As regards the view of the High Court that the impugned legislation was bad inasmuch as no guidelines had been provided for declaring the Cooperative Societies named in the Schedule as undesirable companies, learned counsel referred to the Preamble of the Ordinance and also to Sections 2(a), 7(a) and the definition of Commission in Section 2(b) and to Section 4.

As regards the observation of the High Court that under Section 6 of the Commission of Inquiries Act 1956, statement of Abdul Majeed could not be used against the Societies, it was submitted that on the basis of such statement or other material before the Commission of Inquiry or on the basis of the report of the Commission a law could always be enacted and that the impugned Legislation did not charge any person with any offence on the basis of the Commission's report and that adequate provisions were available in the legislation for redress by approaching the Cooperatives Judge and then by appeal to the Supreme Court. Reliance was placed on Progress of Pakistan Co. Ltd. v. Registrar, Joint Stock Companies (PLD 1958 Lah. 887).

It was further argued that impugned legislation was neither a bill of attainder nor a bill of pains as no one was held guilty by any provision of the impugned legislation.

On Article 2-A of the Constitution, reliance was placed on the following judgments for the proposition that no legislation could be held to be ultra vires only on the basis of such Article:-

1.                Jama! Shah v. Election Commission (PLD 1966 SC 1)

2.                Fauji Foundation v. Shamim-ur-Rehman(PLD 1983 SC 457).

3.                Hakim Khan v. Gout, of Pakistan (PLD 1992 SC 595)

4.                Kamz Fatima v. Wali Muhammad (PLD 1993 SC 901 to 910)

It was submitted that Article 2-A refers to the general principle on which the Constitution was based but on such general principles sembodied in Article 2-A alone, without relying on any specific provision of the Constitution, no law can be declared as ultra vires the Constitution.

Ms. Yasmin Sehgal Asstt. Advocate General Punjab adopted the arguments advanced by Mr. Abid Hassan Minto.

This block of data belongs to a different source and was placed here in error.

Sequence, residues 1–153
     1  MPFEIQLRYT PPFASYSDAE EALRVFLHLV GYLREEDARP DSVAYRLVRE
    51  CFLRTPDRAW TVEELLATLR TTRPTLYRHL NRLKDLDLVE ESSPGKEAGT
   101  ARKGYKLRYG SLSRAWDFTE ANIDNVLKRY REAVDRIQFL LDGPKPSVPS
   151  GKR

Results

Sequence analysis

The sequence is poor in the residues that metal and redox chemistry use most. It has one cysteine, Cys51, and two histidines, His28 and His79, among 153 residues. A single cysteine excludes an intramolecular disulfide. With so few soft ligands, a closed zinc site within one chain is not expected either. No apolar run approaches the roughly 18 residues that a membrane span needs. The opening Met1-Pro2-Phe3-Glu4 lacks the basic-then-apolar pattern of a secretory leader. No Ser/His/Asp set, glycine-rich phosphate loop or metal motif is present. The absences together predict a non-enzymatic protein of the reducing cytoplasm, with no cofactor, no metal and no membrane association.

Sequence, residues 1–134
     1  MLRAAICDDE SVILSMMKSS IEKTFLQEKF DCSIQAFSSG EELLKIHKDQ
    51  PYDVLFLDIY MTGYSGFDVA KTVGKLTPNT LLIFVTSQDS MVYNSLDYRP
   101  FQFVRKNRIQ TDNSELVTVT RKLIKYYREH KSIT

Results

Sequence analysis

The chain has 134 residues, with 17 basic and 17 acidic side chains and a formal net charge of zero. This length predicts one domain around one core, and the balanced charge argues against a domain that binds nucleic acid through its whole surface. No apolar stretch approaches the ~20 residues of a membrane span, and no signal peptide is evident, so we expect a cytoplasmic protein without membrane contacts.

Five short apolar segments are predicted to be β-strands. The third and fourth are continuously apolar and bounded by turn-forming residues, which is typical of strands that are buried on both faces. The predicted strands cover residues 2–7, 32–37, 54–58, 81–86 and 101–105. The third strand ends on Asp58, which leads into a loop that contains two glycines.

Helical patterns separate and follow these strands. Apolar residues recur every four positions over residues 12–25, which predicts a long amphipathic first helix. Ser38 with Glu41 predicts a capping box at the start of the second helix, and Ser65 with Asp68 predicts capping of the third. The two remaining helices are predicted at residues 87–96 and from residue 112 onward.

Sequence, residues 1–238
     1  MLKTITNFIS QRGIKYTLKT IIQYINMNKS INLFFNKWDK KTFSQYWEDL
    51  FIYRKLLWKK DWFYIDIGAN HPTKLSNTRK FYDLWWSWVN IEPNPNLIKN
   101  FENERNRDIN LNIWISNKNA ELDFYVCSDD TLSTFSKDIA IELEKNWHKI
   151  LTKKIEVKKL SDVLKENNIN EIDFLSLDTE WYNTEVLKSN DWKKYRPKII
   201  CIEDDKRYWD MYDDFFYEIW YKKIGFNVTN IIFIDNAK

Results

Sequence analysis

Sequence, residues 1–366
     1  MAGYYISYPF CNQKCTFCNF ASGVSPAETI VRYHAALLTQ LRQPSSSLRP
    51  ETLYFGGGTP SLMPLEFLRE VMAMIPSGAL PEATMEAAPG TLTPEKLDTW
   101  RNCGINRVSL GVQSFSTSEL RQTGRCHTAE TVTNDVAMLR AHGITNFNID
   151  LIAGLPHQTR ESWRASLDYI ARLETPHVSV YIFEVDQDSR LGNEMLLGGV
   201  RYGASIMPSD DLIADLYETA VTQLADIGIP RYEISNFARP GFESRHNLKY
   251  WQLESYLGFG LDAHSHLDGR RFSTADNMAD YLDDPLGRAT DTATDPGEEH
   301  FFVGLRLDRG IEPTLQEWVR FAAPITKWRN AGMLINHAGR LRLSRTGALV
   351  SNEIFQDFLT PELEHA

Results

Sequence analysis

5.    On behalf of the respondent Cooperative Societies, their ex  management and other private respondents, arguments were advanced by aja M. Anwar, SASC, Raja Muhammad Akram SASC; Mr. Muhammad Bashir Ansari, ASC and Nawab Saeedullah Khan, ASC. We have also heard the  arguments  of Mr.  Muhammad  Ilyas Khan,  learned ASC for the Cooperatives Board.

Raja M. Anwar, SASC supported the impugned judgment of the High Court. It was argued that Section 4 in the impugned legislation (initially Ordinances and later Act 1 of 1993) is totally unconstitutional as also Section 12. Learned counsel further argued that the provisions relating to appointment of a Judge of the Supreme Court as the Cooperatives Judge and providing an appeal to the Supreme Court were ultra vires the Constitution inasmuch as the Provincial Legislature had no authority or jurisdiction to confer any power or jurisdiction on the Supreme Court in view of Item No. 46 in the Concurrent Legislative List and Item No. 55 in the Federal Legislative List. According to learned counsel, the legislation in question had affected the rights of the Cooperative Societies and its members in an arbitrary manner which was ultra vires the Constitution. Reference was made to the case of Province of Sindh v. Public at large (PLD 1988 SC 138).

It was submitted by Raja Muhammad Akram SASC that the High Court judgment was based on fundamental rights conferred by the Constitution. Learned counsel also referred to Article 2-A of the Constitution submitting that, on the touchstone of this Article, impugned legislation could not be sustained. According to learned counsel, in Islam no adverse action could be taken against any one without notice and hearing and conducting an inquiry. According to learned counsel, impugned legislation trampled the principle of trichotomy powers and was in the nature of legislative judgment. Learned counsel relied upon the following judgments:-

(i)    Al-Jehad Trust v. Federation of Pakistan (PLD 1996 SC 324 at 374)

(ii)   Federation of Pakistan v. Public at Large (PLD 1988 SC 202)

Raja Muhammad Akram submitted that Pakistan is a Constitutional democracy where rule of law prevails and the rule of due process implanted in our jurisprudence. According to learned counsel, Article 4 of our Constitution is similar to the due process clause in the American Constitution. Reliance was placed on the following judgments:-

(a)             Govt. of West Pakistan v. Begum Agha Abdul Karim Shorish
Kashmiri (PLD 1969 SC 14)

(b)            Manzoor Ilahi v. Federation of Pakistan (PLD 1975 SC 66)

(c)   Ghulam Zamin v. A.B. Khondkar (PLD 1965 Dacca 165).
Nawab Saeedullah Khan, learned ASC appearing for the respondent

Cooperative Societies and their ex-management in Civil Appeals Nos. 560 and 563 of 1993, also supported the impugned judgment of the High Court. He referred to the judgment of this Court in the case of State v. Ziaur Rehman (PLD 1973 SC 49 at 69) for bringing out the distinction between jurisdiction and judicial power of Courts and on the scheme of trichotomy of powers under the Constitution.

According to learned counsel, the impugned legislation gave powers to the bureaucracy and no hearing was provided by the legislation to the Cooperative Societies whose properties were taken away by one stroke of pen. According to learned counsel, the impugned legislation is violative of Article 2-A.

It was pointed out by learned counsel that the Cooperatives Judge has no discretion under Section 13 but to order winding up of the Cooperative Societies on application being made by the Liquidation Board as the word "shall" has been used in the said provision and even ex post facto hearing to the affected societies has been provided.